John Frusciante definitely isn’t a name that many people would primarily associate with electronic music, given that he found fame as the guitarist of one of the biggest rock bands in the world – Red Hot Chili Peppers. From that perspective, this month’s release of a jungle album via the Timesig imprint (run by Venetian Snares) might seem like a surprising development, but it’s actually the logical progression of a musical direction a decade in the making.
Following his departure from RHCP in 2009, Frusciante became increasingly disinterested in traditional songwriting and refocused his efforts on electronic production and engineering. In the intervening decade he has given the world a slew of works spanning genres under different aliases – exploring synth pop, producing hip-hop for Wu-Tang affiliates Black Knights, and more recently releasing acid house and IDM under his Trickfinger alias.
All of which brings us to Maya, a body of work which he describes as being heavily influenced by 90s breakbeat hardcore and jungle. Thankfully though this isn’t a mere copycatting attempt; while you can hear a clear reverence for some of the genre hallmarks via some knowing sampling, there’s also a breadth of influences blended into the music, held together by the common thread of jungle drum programming.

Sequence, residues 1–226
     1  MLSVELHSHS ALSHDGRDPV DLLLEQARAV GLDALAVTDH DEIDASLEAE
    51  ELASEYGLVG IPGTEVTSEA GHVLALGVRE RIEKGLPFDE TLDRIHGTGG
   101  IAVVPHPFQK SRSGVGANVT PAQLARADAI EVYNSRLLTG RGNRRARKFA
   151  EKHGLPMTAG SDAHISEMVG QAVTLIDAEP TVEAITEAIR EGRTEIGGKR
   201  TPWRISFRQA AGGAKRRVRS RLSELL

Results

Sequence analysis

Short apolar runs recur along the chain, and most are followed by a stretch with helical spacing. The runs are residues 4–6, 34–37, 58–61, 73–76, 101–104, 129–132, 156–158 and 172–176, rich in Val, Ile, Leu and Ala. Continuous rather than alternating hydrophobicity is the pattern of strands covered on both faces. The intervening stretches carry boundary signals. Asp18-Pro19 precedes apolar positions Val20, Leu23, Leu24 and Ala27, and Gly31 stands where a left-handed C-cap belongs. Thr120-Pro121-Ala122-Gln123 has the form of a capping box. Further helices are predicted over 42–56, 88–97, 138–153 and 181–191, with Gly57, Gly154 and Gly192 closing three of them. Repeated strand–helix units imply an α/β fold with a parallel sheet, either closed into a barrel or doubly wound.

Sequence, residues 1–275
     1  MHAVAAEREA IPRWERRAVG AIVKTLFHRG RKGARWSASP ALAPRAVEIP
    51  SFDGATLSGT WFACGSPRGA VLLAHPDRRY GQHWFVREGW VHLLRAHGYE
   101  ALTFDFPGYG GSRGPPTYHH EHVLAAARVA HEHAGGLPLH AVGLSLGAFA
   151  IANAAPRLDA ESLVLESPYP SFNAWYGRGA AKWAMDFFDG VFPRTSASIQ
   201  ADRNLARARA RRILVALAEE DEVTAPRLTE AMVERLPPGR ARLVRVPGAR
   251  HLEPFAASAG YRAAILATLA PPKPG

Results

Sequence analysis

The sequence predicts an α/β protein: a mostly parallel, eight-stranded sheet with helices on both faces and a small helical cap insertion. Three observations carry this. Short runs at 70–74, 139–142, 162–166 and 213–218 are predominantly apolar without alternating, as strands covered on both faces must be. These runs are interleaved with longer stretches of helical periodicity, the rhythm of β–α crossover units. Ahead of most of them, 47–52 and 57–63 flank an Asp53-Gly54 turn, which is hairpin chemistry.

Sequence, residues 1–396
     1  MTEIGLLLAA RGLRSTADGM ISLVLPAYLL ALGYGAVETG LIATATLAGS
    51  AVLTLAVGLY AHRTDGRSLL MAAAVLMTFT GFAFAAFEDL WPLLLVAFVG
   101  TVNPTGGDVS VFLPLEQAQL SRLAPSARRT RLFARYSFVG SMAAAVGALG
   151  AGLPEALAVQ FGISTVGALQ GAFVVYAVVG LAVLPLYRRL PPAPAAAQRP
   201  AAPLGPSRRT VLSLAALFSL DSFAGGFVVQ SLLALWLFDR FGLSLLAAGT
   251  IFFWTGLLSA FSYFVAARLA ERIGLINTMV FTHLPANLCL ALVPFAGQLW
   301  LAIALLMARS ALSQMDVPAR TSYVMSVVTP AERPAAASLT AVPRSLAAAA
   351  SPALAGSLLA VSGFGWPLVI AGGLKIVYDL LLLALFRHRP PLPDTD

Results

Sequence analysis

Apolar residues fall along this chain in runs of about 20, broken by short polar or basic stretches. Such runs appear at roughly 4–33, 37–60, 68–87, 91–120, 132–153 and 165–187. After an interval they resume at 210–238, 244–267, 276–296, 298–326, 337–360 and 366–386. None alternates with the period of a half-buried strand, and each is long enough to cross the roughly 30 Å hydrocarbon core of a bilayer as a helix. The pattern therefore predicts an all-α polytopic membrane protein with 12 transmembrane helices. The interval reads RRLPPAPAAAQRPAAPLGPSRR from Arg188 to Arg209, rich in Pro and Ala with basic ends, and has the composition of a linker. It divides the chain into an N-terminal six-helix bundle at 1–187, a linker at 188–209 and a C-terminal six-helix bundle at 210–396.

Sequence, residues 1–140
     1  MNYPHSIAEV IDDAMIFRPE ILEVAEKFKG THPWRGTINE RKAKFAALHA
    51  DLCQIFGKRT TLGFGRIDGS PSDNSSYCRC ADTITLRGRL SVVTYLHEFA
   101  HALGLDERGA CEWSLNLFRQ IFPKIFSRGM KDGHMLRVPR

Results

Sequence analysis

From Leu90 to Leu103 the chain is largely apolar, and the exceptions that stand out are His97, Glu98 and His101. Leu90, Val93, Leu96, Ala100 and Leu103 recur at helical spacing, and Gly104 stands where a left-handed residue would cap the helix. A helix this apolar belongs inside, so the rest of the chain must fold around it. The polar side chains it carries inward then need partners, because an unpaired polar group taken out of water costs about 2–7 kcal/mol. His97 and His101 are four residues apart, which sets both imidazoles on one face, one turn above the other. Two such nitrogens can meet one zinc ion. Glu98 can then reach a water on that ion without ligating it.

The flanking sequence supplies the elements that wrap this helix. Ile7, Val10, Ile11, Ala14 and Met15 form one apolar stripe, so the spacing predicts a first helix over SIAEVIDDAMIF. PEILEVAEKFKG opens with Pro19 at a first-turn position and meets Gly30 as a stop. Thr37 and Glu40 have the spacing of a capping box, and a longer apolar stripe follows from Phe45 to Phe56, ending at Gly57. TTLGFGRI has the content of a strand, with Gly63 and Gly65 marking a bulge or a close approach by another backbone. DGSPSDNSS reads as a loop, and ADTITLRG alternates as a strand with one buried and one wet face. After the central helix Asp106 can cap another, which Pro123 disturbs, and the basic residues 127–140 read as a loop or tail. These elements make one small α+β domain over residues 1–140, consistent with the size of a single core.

The result is a collection of tracks that spans from mellow and beautiful, through darkly funky and into outright aggressive breakbeats assaults on the senses. This is jungle made by someone who appreciates jungle, but also appreciates so many other forms and styles of music; a refreshing antidote to the sometimes narrow echo-chamber of modern D&B production. If you’re looking for DJ friendly club tunes this definitely isn’t that, but if you’re willing to explore something a bit less conventional then the LP is a thoroughly rewarding listen.
Maya is out now on vinyl, CD and digital. Hit up Bandcamp or your favourite retailer to grab it now.
Machinedrum’s evolution over the years has been fascinating to follow. Active now for nearly 20 years, Travis Stewart’s musical journey has taken in most shades of what you might consider “bass” music; low-end weight and syncopated beats run throughout, but style, tempo and tone have varied wildly across many releases.